CuG #%*     2. Compile and run with your favorite compiler and operating *+Ex=
CuG #%*        system.                                                   *+Ex=
CuG #%*                                                                  *+Ex=
CuG #%*   Notes:                                                         *+Ex=
CuG #%*     1. We have attempted to use only standard language features. *+Ex=
CuG #%*                                                                  *+Ex=
CuG #%*     2. Without the -traditional flag gcc will issue a warning.   *+Ex=
CuG #%*                                                                  *+Ex=
CuG #%*     3. When transferring from Unix to DOS make sure that a LF    *+Ex=
CuG #%*        is correctly translated into a CR/LF.                     *+Ex=
CuG #%*                                                                  *+Ex=
CuG #%*     4. Keep the blank lines at the start of the program. They    *+Ex=
CuG #%*        are important.                                            *+Ex=
CuG #%*                                                                  *+Ex=
CuG #%*     5. This text is a comment block in all eight languages.      *+Ex=
CuG #%*                                                                  *+Ex=
CuG #%*   Please mail any comments, corrections or additions to          *+Ex=
CuG #%*   polyglot@ideology.com.au                                       *+Ex=
CuG #%*                                                                  *+Ex=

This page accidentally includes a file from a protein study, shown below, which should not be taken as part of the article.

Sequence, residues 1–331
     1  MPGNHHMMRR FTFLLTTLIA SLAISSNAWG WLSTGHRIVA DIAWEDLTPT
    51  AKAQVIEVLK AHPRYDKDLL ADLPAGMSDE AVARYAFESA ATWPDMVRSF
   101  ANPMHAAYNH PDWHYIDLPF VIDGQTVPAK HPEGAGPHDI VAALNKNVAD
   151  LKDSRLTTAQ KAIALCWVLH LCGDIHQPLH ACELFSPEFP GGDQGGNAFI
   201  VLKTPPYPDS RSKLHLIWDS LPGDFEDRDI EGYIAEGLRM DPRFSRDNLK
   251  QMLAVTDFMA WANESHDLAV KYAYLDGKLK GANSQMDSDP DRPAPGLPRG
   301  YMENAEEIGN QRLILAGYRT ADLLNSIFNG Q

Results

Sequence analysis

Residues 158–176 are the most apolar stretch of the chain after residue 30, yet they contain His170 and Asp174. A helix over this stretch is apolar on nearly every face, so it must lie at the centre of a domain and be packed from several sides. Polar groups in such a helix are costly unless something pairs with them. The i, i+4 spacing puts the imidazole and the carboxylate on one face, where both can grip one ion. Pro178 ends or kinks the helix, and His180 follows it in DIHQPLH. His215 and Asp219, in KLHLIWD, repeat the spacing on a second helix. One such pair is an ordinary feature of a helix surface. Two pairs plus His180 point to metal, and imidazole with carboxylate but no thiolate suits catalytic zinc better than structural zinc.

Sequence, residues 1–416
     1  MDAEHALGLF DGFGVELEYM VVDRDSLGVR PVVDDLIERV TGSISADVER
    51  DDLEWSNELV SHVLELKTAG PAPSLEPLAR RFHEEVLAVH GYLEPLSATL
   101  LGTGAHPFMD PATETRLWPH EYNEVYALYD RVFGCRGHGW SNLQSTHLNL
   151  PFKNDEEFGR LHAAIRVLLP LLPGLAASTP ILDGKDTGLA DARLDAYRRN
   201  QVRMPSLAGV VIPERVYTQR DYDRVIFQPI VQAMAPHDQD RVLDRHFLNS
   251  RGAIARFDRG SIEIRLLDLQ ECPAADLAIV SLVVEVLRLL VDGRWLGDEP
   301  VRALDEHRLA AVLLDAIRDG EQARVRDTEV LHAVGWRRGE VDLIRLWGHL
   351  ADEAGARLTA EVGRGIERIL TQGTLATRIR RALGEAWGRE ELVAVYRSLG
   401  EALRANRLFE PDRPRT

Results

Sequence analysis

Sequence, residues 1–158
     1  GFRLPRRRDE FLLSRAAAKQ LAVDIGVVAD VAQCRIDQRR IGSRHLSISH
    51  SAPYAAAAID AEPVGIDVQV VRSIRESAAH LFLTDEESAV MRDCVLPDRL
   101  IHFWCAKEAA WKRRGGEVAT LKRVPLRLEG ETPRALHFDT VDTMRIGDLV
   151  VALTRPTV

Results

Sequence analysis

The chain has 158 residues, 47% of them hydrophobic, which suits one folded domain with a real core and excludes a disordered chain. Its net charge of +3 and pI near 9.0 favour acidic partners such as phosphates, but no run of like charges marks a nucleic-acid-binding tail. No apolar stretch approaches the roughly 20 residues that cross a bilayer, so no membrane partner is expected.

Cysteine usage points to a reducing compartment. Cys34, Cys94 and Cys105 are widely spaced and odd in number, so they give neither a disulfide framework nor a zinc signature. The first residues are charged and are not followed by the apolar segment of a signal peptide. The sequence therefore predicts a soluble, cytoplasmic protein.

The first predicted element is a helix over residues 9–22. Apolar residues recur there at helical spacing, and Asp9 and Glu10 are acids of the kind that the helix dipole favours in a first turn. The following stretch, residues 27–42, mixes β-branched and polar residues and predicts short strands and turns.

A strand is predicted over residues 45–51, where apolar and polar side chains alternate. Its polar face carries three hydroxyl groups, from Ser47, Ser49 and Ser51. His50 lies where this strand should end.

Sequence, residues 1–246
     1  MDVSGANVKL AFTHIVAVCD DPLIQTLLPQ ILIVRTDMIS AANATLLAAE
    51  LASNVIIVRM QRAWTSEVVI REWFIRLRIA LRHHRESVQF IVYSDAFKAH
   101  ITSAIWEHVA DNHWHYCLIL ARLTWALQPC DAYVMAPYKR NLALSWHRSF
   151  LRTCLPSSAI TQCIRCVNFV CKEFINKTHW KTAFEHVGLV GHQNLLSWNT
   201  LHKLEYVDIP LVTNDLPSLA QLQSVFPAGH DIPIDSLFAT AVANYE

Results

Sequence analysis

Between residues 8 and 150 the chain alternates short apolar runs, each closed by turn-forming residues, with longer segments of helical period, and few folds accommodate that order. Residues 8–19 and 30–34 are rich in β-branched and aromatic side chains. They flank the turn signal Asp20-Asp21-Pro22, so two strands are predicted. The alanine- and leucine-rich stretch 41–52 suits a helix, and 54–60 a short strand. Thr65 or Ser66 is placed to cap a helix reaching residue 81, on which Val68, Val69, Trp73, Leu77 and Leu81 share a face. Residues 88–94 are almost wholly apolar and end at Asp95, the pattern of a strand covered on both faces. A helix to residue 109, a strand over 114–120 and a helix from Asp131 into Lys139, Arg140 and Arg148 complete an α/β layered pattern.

CuG #%*------------------------------------------------------------------*QuZ=
CuG #%*                                                                  *+Ex=
CuG #%*!Mx)ExQX5ZZ5SSP5n*5X!)Ex+ExPQXH,B+ExP[-9A-9B(g?(gA'UTTER_XYZZXX!X *+
CuG #(*                                                                  *(
C   # */);                                                              /*(
C   # *)  program        polyglot (output);                             (*+
C   #     identification division.
C   #     program-id.    polyglot.
C   #
C   #     data           division.
C   #     procedure      division.
C   #
C   # * ))cleartomark   /Bookman-Demi findfont 36 scalefont setfont     (
C   # *                                                                 (
C   #
C   # *                  hello polyglots$
C   #     main.
C   #         perform
C  /# * ) 2>_$$; echo   "hello polyglots"; rm _$$; exit;
C   # * (
C   #
C     *0 ) unless print "hello polyglots\n"; __END__
             print
C             stop run.
    -*,                'hello polyglots'
C
C         print.
C             display   "hello polyglots".                              (
C     */  int i;                                                        /*
C     */  main () {                                                     /*
C     */      i=printf ("hello polyglots\n"); O= &i; return *O;         /*
C     *)                                                                (*
C     *)  begin                                                         (*
C     *)      writeln  ('hello polyglots');                             (*
C     *)                                                                (* )
C     * ) pop 60 360                                                    (
C     * ) pop moveto    (hello polyglots) show                          (
C     * ) pop showpage                                                  ((
C     *)
          end                                                          .(* )
C)pop%     program       polyglot.                                      *){*/}

See Polyglot.